‘We’re only a bridge to the ideas’

Dance theatre com­pany con­nects with ru­ral Canada

North Bay Nugget - - NEWS - Michael Chen

Mo­tus o dance Theatre artis­tic di­rec­tor and co-founder James Cro­ker calls the dance troupe “Cirque du soleil without the bud­get.

“We tell sto­ries through move­ment.”

The stouf­fville, ont.-based theatre com­pany was at North Bay’s com­mu­nity water­front park this week­end per­form­ing at sum­mer in the Park.

Its show, Fair and Wide o Canada, looks at fair and fes­ti­val life across Canada. It fea­tured unique ren­di­tions of Canada’s an­them, as well as songs on such top­ics as pou­tine and farm­ing equip­ment.

Cro­ker was orig­i­nally a sheepshearer in the aus­tralian out­back who at­tended post-sec­ondary school to study struc­tural en­gi­neer­ing.

“What I found out later through a se­ries of mo­ti­va­tional tests, the fel­low said ‘oh you were in­ter­ested in three-di­men­sional de­sign,” he said. “What I didn’t re­al­ize, be­cause I had no ex­pe­ri­ence at all, is that dance is three-di­men­sional de­sign.”

once he dis­cov­ered his in­ter­est in the arts, Cro­ker de­cided to “run away from home” and study at a theatre school in Mon­treal.

his par­ents’ re­ac­tion was bet­ter than he ex­pected.

“My dad said some­thing re­ally quite beau­ti­ful. I’ll aways re­mem­ber, be­cause he grew up on the farm, he lived on the farm, he’d only ever seen two movies in his en­tire life,” Cro­ker said. “he said ‘I don’t know what this dance thing is about, but if it’s any­thing like farm­ing, then you got to di­ver­sify.’”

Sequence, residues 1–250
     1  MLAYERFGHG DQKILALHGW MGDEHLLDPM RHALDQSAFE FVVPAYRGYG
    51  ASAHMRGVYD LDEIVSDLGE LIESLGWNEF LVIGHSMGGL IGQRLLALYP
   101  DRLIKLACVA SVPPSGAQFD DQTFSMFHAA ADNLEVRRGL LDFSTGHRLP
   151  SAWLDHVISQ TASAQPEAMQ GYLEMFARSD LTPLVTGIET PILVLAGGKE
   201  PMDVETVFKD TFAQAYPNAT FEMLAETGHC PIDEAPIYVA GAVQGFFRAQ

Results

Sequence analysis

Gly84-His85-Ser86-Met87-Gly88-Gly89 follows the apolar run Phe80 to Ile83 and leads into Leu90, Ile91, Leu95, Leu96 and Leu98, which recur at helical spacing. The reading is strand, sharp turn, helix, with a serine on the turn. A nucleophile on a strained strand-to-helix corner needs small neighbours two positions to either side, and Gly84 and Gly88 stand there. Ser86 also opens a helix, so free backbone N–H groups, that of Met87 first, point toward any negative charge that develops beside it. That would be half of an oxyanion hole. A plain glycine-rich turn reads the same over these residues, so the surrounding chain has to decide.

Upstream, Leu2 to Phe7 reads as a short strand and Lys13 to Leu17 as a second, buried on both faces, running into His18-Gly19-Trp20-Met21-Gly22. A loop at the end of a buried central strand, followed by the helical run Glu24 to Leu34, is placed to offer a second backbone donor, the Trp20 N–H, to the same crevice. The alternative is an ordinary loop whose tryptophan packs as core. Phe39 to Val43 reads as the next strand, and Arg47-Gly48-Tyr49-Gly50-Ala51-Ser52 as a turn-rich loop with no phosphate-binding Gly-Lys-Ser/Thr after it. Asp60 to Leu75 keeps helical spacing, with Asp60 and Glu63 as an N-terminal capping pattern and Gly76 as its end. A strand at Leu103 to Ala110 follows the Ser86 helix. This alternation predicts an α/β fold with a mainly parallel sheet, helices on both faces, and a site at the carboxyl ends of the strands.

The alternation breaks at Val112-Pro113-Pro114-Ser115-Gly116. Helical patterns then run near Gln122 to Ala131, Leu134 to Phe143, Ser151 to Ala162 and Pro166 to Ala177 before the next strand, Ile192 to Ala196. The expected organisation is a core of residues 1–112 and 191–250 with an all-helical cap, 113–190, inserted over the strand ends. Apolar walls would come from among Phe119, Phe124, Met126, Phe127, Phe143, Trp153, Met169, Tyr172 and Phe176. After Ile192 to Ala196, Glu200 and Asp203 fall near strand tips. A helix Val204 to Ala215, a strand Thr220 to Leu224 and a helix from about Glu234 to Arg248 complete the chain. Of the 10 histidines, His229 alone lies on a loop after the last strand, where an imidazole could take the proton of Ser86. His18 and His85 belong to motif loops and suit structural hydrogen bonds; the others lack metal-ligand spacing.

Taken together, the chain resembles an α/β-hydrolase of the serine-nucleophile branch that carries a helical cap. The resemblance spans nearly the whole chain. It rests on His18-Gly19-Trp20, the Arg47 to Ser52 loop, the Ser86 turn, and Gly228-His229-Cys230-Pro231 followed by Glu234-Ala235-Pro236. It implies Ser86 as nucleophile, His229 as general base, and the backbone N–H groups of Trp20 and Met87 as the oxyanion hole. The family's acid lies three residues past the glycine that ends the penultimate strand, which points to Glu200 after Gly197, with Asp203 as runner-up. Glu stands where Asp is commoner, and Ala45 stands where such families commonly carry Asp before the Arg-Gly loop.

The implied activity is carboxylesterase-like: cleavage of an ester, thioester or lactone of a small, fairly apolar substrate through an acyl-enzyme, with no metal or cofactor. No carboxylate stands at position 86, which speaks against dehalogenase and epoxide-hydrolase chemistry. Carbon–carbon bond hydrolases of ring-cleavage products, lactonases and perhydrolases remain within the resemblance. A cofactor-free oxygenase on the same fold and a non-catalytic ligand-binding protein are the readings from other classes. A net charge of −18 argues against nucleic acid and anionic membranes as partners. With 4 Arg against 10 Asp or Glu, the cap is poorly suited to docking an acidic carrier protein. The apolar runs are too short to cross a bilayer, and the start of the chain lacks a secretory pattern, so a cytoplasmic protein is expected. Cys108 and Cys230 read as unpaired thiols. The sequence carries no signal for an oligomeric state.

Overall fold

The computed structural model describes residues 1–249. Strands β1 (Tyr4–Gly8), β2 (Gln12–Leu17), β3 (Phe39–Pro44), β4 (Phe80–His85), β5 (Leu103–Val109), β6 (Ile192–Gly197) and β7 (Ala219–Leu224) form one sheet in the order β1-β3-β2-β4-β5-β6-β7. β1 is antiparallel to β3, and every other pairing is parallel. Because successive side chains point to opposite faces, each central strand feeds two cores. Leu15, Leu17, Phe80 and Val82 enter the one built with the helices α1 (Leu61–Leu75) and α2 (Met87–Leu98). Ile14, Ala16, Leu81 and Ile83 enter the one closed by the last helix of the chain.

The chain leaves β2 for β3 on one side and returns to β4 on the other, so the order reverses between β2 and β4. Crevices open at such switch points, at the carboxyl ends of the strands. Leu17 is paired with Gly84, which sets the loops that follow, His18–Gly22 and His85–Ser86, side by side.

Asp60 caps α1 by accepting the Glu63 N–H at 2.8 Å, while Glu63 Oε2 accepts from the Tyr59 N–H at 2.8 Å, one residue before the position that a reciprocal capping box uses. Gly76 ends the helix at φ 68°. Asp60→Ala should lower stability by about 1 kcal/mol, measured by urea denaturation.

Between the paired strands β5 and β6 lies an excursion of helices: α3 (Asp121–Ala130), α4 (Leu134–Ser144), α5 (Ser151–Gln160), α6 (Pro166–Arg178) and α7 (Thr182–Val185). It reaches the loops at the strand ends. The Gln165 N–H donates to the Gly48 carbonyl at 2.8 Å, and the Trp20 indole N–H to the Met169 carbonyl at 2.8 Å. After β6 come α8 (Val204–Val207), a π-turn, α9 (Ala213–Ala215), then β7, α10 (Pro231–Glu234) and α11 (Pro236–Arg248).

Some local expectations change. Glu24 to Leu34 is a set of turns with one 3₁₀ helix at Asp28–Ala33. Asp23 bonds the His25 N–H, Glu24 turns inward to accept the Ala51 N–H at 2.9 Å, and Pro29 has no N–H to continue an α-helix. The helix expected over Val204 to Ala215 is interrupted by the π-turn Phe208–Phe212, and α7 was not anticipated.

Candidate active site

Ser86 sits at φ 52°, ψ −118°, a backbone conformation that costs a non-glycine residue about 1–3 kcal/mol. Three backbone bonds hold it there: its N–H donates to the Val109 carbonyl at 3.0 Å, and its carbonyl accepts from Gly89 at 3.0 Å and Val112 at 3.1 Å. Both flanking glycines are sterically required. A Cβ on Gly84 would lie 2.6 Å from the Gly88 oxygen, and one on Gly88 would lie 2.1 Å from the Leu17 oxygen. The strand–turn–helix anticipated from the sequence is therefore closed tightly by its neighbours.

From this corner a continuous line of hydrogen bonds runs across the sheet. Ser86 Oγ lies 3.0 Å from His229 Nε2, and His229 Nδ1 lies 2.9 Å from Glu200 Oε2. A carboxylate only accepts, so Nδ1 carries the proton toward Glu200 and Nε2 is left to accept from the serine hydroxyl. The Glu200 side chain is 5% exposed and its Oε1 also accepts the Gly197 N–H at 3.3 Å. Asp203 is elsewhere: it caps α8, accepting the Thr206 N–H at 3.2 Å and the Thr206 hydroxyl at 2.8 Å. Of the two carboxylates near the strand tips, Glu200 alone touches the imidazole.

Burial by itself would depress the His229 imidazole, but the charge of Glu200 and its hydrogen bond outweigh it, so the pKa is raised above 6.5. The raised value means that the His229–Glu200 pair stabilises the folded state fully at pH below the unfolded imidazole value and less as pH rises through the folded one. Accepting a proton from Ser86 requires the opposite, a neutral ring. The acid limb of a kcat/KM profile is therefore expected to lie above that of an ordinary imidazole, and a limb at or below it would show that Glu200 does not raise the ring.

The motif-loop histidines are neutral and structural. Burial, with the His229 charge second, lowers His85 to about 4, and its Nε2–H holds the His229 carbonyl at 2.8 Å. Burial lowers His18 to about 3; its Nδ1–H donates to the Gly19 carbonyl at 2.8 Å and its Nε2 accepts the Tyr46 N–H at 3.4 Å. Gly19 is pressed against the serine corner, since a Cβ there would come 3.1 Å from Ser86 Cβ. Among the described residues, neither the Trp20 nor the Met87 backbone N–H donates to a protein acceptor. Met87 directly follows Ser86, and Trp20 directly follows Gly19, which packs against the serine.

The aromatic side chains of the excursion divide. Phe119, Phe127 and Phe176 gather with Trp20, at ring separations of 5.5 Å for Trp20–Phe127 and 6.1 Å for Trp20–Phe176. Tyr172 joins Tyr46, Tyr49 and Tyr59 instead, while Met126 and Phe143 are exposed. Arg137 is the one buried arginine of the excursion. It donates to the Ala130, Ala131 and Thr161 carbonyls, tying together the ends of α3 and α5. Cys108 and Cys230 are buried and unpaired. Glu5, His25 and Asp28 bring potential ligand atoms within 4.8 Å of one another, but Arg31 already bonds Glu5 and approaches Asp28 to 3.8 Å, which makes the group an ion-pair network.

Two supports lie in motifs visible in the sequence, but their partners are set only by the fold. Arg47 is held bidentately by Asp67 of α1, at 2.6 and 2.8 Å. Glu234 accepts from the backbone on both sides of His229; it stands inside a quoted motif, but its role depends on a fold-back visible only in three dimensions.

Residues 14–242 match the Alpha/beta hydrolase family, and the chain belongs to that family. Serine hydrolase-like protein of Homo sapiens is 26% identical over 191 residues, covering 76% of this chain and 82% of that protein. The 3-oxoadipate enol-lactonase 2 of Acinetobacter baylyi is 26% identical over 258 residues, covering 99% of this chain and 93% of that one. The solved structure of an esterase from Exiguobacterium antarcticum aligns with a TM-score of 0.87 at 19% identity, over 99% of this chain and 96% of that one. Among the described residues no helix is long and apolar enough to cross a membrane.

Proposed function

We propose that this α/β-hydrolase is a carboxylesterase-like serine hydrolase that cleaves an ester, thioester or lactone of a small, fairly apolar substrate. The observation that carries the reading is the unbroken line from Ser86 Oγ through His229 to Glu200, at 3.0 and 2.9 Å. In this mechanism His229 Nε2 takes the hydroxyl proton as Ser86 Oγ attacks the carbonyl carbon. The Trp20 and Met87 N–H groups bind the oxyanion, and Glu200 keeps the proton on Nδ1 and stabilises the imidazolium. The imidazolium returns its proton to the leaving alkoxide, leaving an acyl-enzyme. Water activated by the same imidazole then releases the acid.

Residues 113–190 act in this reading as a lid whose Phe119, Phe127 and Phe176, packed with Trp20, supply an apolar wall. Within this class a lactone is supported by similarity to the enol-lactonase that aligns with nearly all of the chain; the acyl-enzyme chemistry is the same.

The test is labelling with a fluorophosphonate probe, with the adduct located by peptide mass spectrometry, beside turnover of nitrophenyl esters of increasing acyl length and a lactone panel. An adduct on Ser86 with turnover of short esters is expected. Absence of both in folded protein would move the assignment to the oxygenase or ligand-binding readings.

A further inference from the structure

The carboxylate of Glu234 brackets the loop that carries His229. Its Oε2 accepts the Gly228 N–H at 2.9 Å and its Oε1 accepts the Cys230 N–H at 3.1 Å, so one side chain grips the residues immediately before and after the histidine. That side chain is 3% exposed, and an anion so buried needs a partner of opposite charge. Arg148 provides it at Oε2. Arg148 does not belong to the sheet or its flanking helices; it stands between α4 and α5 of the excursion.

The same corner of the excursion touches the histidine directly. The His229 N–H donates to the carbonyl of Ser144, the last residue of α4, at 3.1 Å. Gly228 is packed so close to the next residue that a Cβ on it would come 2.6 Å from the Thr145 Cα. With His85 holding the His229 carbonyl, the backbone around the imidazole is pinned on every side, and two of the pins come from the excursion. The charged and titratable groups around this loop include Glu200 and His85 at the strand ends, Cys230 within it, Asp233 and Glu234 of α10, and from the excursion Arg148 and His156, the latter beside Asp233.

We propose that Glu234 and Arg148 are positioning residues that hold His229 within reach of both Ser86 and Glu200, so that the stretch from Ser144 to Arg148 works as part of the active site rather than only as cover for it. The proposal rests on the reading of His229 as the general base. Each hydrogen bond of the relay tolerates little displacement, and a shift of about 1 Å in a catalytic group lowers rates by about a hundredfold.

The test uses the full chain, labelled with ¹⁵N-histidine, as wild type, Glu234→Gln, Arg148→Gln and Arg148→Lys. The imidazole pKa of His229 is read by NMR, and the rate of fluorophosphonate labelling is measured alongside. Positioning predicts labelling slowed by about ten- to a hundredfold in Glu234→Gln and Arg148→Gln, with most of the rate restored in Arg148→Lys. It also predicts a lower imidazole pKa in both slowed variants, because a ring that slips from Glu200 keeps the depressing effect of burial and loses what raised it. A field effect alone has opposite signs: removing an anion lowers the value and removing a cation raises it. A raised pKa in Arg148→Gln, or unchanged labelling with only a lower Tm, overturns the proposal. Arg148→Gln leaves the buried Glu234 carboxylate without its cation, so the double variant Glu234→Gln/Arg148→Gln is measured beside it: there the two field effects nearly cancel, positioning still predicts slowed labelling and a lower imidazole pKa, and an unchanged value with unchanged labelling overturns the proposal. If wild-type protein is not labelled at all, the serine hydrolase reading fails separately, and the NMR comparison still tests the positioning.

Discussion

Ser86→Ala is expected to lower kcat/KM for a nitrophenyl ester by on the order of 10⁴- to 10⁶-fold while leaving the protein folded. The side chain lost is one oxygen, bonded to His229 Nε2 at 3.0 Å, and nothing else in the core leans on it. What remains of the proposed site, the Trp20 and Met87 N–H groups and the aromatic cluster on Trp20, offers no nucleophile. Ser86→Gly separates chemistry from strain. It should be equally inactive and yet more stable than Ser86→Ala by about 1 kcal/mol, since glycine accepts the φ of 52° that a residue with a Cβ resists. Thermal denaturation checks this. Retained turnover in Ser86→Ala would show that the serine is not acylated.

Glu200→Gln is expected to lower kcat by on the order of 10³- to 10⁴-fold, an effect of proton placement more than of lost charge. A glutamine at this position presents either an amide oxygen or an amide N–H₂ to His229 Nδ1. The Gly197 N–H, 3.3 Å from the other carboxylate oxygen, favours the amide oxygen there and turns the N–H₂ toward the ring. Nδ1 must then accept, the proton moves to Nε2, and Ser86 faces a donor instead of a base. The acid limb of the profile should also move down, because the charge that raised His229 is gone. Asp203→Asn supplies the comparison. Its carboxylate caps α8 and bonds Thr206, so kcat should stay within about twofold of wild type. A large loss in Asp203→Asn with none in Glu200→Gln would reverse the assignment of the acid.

Cro­ker has fol­lowed that ad­vice. on top of be­ing the artis­tic di­rec­tor, he is a per­former, writer, mu­sic di­rec­tor and prop­mas­ter – his hand­i­work on the farm helped in that re­spect.

“If you can learn to be a good cre­ator it can ap­ply to ev­ery­thing,” he says.

This di­ver­sity spreads to his work, as well. on top of his com­pany’s per­for­mances at ru­ral fes­ti­vals and fairs, on top­ics such as an­i­mals and farm ma­chin­ery, he has worked with the royal Con­ser­va­tory of Mu­sic and har­vard to cre­ate cur­ricu­lums based on move­ment.

“They found that they re­tained af­ter two years 80 per cent of the con­cept if they em­bod­ied it. Whereas if they didn’t, if they just lis­tened to it, they lost 80 per cent of the con­tent within two weeks,” Cro­ker said. Cro­ker also works for hos­pices. “We take a per­son’s story and we im­pro­vise that story back with mu­sic and move­ment,” he said. “We also do it in live per­for­mances, bring some­one up, get them to tell a story and we’ll im­pro­vise it back, the au­di­ence goes wild.”

and his au­di­ences are not the typ­i­cal crowd one would see at the theatre.

“It’s the farm­ing com­mu­nity, the ru­ral com­mu­nity, and they’re start­ing to rate shows. They say this one’s a 10 out of 10, this one I give a nine out of 10, which I think is won­der­ful cause that shows they’re in­vested,” Cro­ker said.

“We’re only a bridge to the ideas.”

MicHAEl cHEN / ThE NuggET

Mo­tus O Dance Theatre per­forms at the Com­mu­nity Water­front Park, Satur­day.

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